Research Cycle

 Vol 3|No 6|May|2007
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What's Missing?
Visual Literacy 3.0

By Jamie McKenzie
© 2007 Jamie McKenzie, all rights reserved.

About the author

Some images governments may wish to hide and others they may wish to adjust.

Visual literacy involves the interpretation of available images, but it also means asking what may be missing or intentionally hidden from view. If we do not question the images we are shown and ask about those not shown, we are vulnerable to perception management1 as well as spin and propaganda.

As this article was written, Google gained notoriety for substituting satellite images of pre-Katrina New Orleans for current images showing devastation remaining long after the hurricane. The AP used the title, " House panel: Why did Google 'airbrush history?'" for its article (article).

A good question. Was the true New Orleans after the flood too harsh a reality?

In a democratic society, all citizens need be alert to such airbrushing. They need to ask what (or who) is missing.

A picture is worth a million words!

Inflation has hit the image business big time as we must edit the old saying from a thousand words to a million or a billion words. But sometimes a missing image is worth even more. "Out of sight is out of mind." If we cannot see "collateral damage," maybe it didn't happen? If we have no image of torture by water (waterboarding), maybe it isn't so bad?

Those who control the flow of images can hope to control the minds of the populace, convincing citizens to support or oppose a war.

In the 1960s and 1970s, three iconic images helped to turn a majority of the American people against the war in Vietnam:

  1. Flag draped coffins (photo)
  2. Summary execution with pistol to head of prisoner (photo)
  3. Young girl fleeing napalm (photo and story)

Recognizing the power of such images to undermine national resolve, the Pentagon began the invasion of Iraq with new policies, one of which was to block the photography of flag draped coffins. The public reason provided was respect for the families, but this censorship of images was an example of perception management, a term coined by the Pentagon to avoid Darwellian words like propaganda. (photo) Despite the euphemism, such control of images is a form of propaganda. It is mind control - part of an effort to sanitize an invasion and occupation, making it seem relatively painless.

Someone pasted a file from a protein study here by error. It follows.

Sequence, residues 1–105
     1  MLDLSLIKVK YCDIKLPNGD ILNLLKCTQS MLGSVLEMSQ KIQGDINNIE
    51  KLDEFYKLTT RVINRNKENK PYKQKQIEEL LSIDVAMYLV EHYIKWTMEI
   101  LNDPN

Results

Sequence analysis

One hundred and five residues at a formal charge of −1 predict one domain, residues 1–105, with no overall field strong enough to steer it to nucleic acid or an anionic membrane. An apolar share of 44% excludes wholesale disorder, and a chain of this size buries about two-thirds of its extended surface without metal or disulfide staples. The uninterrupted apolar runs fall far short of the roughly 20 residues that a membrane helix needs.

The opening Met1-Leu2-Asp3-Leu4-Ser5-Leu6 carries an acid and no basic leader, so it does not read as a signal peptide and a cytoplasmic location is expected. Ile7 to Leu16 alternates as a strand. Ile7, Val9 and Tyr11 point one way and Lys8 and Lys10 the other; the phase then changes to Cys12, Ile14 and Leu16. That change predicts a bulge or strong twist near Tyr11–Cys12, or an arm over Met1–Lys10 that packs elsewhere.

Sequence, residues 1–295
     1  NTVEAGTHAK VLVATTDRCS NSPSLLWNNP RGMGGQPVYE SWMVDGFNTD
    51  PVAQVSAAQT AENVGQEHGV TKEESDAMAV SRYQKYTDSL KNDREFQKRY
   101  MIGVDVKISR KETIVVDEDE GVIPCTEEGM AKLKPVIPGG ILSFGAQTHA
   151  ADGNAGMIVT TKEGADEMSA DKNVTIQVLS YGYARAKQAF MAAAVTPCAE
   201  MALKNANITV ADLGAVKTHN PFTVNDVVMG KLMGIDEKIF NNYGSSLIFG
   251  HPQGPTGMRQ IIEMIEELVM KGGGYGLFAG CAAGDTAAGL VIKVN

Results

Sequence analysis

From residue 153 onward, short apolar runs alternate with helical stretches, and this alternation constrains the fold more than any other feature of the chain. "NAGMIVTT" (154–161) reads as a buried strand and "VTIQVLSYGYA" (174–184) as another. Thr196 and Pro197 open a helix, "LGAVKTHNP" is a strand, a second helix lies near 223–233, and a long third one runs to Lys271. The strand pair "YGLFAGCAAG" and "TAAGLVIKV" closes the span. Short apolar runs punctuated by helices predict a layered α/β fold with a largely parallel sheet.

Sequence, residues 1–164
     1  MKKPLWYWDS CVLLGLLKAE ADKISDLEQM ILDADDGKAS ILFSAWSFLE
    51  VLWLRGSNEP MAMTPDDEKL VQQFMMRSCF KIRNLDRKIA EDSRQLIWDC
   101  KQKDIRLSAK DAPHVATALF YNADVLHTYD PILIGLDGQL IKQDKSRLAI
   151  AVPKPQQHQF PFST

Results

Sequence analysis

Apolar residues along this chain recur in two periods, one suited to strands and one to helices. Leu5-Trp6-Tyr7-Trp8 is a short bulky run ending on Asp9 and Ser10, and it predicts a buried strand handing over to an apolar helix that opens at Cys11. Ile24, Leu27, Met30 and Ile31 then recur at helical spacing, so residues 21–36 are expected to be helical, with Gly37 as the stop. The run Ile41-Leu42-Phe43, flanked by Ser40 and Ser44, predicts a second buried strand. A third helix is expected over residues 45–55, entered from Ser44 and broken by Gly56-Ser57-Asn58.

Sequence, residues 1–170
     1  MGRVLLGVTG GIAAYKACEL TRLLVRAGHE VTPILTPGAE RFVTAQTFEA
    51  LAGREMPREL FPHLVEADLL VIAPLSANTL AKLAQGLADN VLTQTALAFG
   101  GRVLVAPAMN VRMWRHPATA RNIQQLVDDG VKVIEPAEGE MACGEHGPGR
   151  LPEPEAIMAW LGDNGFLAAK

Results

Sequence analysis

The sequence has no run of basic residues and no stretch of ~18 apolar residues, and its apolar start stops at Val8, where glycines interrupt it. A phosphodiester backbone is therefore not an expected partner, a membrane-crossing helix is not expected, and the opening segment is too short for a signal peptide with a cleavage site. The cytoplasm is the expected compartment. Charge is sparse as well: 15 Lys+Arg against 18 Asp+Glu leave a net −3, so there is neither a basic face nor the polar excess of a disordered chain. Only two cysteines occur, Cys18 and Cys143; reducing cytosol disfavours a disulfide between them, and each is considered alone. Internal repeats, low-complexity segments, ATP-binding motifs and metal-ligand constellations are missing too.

When government officials failed victims of Katrina and dead bodies floated in the streets, the Bush Administration tried to block photography of the bodies until CNN brought suit. Images of dead bodies undercut the administration's claims of caring and effective action. (article)

Despite such efforts to control the flow of images, new technologies like cell phone cameras have led to the leaking of images extremely embarrassing to the Administration and the group running Iraq, as photographs of prisoner abuse and Saddam's hanging conflicted harshly with the images the governments wished to project.

What is waterboarding?

Torture is thoroughly unAmerican, right? Or it was until 9/11, Afghanistan, Iraq and the Bush administration? Or can we find examples further back in our history? Lynchings, for example? Or Indian massacres?

While the Bush Administration protests that it engages in robust interrogation but not in torture, it is playing games with both the words and the truth, masking violations of international treaties and actions many consider to be war crimes. As this article was being written, former CIA Director George Tenet was maing the rounds of talk shows promoting his memoir, still maintaining the CIA did not do torture. (article)

Because the torture is hidden and the techniques are hard to imagine (or picture), the general public finds it hard to understand what is going on. Conducted in dark places and sometimes outsourced to nations with longer histories of torture, tactics like waterboarding are laughed off by Vice President Cheney as if it were a matter of dunking for apples - a little Halloween prank.

Note: CBS News reported on February 18, 2005 that since 9/11 the CIA has been using "extraordinary rendition" to outsource torture of suspects - sending them to other countries like Syria and Egypt where robust is very robust. (article) How much of this has happened has been kept secret.

This is what waterboarding looks like . . .

To see the above photograph of waterboarding from Cambodia's Tuol Sleng Prison, click here.

A dunk in water?

VP Cheney's words during the interview quoted below (full text) are chilling for the way he makes light of this practice. The VP is minimizing. He is condoning torture while laughing it off and pretending otherwise. He is playing down the horror. Along with George Tenet and President Bush he is distorting truth. With no images in mind to undercut their minimizing, the public has a hard time realizing the misrepresentation.